The term “Fiscal Cliff” is being used to describe the dilemma facing the United States government at the end of tax year 2012. At midnight, on December 31, the Budget Control Act of 2011 will go into effect and the terms could have a dramatic effect on the economy. It is because of these potential economic ramifications that the politicians and media outlets coverage of the issue is becoming increasingly pervasive.
In an effort to make a very long story short, the Fiscal Cliff can be described as the perfect storm of politics and economics. It is the culmination of years of tax cuts and overspending and stop gap measures that are finally coming due ….all at once. Here is the basic breakdown:
Spending Cuts $100 Billion
Unemployment Benefits – $25 Billion
Lower Medicare Payments to Doctors – $10 Billion
Defense – $30 Billion
Other Cuts – $35 Billion
Tax Increases $380 Billion
Alternative Minimum Tax – $125 Billion
Bush Tax Cuts – $110 Billion
Payroll Tax Cuts – $90 Billion
Other Taxes – $30 Billion
New Health Care Tax – $25 Billion
So that is how the numbers breakdown, but the real question is what effect these changes could have on the US economy in general, and your wallet in particular. According to a recent article by Thomas Kenny on About.com, lawmakers have three options in dealing with the potential economic fallout:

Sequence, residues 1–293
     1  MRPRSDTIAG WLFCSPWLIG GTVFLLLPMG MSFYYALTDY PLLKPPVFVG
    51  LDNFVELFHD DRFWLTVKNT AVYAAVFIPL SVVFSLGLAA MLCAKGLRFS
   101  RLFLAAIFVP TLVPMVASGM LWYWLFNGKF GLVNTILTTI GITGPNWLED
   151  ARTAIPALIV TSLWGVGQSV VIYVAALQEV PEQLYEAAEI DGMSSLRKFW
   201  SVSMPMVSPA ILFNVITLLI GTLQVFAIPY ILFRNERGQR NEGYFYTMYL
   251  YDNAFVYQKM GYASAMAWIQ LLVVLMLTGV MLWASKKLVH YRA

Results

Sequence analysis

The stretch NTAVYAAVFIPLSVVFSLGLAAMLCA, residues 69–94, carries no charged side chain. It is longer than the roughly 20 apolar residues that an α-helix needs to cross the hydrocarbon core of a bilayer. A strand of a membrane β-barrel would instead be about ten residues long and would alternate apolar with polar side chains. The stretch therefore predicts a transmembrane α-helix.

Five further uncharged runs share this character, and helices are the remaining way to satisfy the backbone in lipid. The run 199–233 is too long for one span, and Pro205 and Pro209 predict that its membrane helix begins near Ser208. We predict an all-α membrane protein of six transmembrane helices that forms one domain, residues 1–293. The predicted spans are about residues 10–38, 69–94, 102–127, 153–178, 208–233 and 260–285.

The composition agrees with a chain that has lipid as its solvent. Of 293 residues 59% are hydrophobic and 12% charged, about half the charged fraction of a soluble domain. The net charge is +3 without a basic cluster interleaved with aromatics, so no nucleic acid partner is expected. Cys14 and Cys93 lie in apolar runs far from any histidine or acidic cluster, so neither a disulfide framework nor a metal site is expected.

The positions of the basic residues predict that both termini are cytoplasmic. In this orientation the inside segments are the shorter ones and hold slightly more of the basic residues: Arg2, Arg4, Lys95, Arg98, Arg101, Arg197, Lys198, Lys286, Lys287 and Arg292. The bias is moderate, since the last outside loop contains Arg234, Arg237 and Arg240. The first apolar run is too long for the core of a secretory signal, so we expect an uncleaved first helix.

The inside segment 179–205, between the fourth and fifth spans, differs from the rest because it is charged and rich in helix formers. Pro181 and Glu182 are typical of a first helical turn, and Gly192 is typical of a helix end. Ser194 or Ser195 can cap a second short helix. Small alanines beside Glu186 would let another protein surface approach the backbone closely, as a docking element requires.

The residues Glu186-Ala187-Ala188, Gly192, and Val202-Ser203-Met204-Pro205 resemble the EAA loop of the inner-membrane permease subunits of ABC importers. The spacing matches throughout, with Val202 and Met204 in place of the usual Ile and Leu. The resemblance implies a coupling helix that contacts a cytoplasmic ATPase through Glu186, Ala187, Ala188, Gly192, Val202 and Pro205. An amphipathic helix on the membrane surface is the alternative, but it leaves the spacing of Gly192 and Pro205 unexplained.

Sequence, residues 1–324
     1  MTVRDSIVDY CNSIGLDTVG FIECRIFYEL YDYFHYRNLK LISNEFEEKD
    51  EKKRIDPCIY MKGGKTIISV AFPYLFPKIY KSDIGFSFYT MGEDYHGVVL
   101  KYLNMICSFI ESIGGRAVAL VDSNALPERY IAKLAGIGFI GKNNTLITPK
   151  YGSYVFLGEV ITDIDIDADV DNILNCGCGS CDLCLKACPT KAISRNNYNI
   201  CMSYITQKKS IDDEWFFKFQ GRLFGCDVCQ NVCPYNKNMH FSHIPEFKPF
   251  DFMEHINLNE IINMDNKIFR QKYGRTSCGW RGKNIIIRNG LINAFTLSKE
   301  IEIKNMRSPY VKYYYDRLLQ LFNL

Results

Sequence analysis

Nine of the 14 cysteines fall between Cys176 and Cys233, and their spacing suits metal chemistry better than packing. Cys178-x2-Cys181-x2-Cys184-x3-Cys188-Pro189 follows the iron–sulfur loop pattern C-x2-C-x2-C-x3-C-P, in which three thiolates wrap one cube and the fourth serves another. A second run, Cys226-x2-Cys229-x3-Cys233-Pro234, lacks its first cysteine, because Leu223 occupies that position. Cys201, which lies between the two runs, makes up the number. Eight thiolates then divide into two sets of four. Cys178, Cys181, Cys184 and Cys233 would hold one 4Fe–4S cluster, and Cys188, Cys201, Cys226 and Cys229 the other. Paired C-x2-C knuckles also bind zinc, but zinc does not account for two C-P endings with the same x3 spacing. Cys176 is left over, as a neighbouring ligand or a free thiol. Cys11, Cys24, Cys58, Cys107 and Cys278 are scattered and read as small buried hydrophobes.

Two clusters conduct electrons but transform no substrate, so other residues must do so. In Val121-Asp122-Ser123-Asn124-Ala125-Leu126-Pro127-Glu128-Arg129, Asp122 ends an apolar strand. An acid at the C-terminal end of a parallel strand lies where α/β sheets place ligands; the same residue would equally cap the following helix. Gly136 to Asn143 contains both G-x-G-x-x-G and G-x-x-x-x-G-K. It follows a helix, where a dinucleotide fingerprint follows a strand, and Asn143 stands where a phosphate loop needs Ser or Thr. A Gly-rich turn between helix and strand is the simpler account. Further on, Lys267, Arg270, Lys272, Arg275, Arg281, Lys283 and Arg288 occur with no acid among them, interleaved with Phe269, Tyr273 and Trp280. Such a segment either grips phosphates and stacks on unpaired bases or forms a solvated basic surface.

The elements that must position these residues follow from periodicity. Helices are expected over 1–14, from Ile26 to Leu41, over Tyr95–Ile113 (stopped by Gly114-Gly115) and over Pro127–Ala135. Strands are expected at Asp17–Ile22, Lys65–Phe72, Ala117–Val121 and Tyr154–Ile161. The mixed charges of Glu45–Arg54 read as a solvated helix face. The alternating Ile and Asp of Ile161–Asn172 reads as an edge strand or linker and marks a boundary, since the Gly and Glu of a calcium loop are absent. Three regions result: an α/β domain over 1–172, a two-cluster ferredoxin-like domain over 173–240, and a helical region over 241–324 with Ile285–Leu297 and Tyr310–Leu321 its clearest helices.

1) They can let the current policy scheduled for the beginning of 2013 – which features a number of tax increases and spending cuts that are expected to weigh heavily on growth and possibly drive the economy back into a recession – go into effect. The plus side: the deficit, as a percentage of GDP, would be cut in half.
2) They can cancel some or all of the scheduled tax increases and spending cuts, which would add to the deficit and increase the odds that the United States could face a crisis similar to that which is occurring in Europe. The flip side of this, of course, is that the United States’ debt will continue to grow.
3) They could take a middle course, opting for an approach that would address the budget issues to a limited extent, but that would have a more modest impact on growth.
Until lawmakers decide how they will address implications of the Fiscal Cliff, it is impossible to tell what changes we can expect for the economy or our wallets….just that their will be some! Hopefully, even in an election year, Congress will put aside partisan politics and address the issues in the Budget Control Act of 2011.
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